She said newborn jaundice was a disease that normally occurred when the colour of the skin and eyes of the baby began to look yellowish within the first 28 days of birth.
Dr Sagoe-Moses disclosed this during a virtual national launch of Newborn Jaundice Awareness Month 2021, organised by the Paediatric Society of Ghana.
It was on the theme: “Early initiation of breastfeeding keeps the yellow away,” and sought to increase nationwide awareness on preventing the disease.
Dr Sagoe-Moses cited germs in the body, blood group differences between mother and baby, camphor use in babies with a condition of the blood known as Glucose-6-phosphate dehydrogenase (G6PD), dehydration from poor feeding, abnormal blood cell, bruising at birth and liver diseases as some of the common causes of newborn jaundice.
She the awareness of newborn jaundice should be improved, especially in rural areas, to save the lives of babies.
She called on the Government and other stakeholders to enhance the capacities of Paediatricians and provide them with the necessary health equipment to boost their healthcare service delivery.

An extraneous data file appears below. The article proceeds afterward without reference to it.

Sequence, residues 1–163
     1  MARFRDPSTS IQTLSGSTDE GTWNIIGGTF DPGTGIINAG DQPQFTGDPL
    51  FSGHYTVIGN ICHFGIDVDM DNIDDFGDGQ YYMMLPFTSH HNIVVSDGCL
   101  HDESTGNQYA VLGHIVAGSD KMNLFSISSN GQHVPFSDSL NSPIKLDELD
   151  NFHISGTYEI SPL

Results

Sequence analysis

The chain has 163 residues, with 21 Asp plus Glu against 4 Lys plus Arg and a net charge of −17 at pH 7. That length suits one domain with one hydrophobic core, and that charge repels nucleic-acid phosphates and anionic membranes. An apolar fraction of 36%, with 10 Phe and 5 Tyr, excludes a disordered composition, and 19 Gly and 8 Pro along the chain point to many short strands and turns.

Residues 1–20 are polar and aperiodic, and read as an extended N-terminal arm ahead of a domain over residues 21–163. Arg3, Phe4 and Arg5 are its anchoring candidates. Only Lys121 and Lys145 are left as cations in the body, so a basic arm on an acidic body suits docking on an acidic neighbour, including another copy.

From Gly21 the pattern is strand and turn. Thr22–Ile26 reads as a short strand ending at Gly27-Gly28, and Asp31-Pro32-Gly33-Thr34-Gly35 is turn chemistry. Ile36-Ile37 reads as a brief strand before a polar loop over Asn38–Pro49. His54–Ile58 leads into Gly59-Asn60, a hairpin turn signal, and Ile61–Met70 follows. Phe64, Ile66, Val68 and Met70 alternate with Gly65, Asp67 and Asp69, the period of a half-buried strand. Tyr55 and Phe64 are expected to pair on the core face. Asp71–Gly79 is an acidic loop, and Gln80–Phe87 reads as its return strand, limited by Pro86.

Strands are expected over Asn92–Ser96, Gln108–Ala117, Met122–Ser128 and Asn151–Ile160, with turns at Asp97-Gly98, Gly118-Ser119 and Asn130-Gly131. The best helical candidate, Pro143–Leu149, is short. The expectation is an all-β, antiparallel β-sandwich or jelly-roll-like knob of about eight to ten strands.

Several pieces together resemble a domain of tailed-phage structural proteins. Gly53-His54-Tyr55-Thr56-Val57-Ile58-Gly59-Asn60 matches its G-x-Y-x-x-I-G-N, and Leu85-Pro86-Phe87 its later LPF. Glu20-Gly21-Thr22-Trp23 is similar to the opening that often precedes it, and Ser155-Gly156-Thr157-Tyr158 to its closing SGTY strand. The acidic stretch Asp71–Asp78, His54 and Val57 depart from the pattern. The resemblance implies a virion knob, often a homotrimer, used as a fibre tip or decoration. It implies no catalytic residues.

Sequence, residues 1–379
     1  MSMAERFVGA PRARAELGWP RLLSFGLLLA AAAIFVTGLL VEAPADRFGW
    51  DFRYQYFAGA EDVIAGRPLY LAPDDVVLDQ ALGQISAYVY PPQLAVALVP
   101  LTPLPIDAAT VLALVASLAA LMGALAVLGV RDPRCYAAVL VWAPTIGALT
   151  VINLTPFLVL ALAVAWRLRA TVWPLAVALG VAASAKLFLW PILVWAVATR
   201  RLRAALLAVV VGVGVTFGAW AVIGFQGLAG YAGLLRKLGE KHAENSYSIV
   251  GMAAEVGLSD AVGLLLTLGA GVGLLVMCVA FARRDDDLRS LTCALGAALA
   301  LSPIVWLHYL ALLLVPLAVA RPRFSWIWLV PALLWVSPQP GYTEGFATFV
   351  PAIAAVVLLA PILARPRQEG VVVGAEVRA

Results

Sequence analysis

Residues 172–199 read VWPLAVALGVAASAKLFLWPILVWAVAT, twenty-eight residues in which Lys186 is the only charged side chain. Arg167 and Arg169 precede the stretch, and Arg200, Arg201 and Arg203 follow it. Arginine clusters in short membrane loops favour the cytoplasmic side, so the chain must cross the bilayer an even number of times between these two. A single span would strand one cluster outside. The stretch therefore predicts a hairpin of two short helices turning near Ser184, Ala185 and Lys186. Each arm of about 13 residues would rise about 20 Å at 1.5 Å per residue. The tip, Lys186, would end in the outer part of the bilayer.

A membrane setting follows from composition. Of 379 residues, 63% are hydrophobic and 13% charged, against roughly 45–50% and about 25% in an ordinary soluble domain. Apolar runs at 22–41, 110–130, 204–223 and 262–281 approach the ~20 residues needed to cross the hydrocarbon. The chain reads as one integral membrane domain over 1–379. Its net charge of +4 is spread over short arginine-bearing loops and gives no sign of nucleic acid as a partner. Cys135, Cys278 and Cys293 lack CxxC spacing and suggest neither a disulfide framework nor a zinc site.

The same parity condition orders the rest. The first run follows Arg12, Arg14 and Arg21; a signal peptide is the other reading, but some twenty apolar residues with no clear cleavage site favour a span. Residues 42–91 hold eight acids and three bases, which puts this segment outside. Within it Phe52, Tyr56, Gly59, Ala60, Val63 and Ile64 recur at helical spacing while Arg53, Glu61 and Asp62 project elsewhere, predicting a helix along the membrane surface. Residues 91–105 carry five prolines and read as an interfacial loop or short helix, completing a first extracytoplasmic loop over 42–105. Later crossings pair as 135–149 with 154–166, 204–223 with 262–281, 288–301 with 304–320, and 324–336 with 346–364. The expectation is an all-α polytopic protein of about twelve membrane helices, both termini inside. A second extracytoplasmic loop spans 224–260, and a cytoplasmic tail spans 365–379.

Dr Sagoe-Moses urged health workers to be baby-friendly and deepen the education on ensuring nursing mothers healthily breastfed their babies to accelerate growth.
Dr Alhassan Abdul-Mumin, the Head of Paediatric and Child Health Department at the Tamale Teaching Hospital, advised parents to be more concerned about the health of their babies by monitoring their development to ensure they were free from diseases.
He urged them to visit the nearest health facility for assessment immediately they realised the baby was unwell.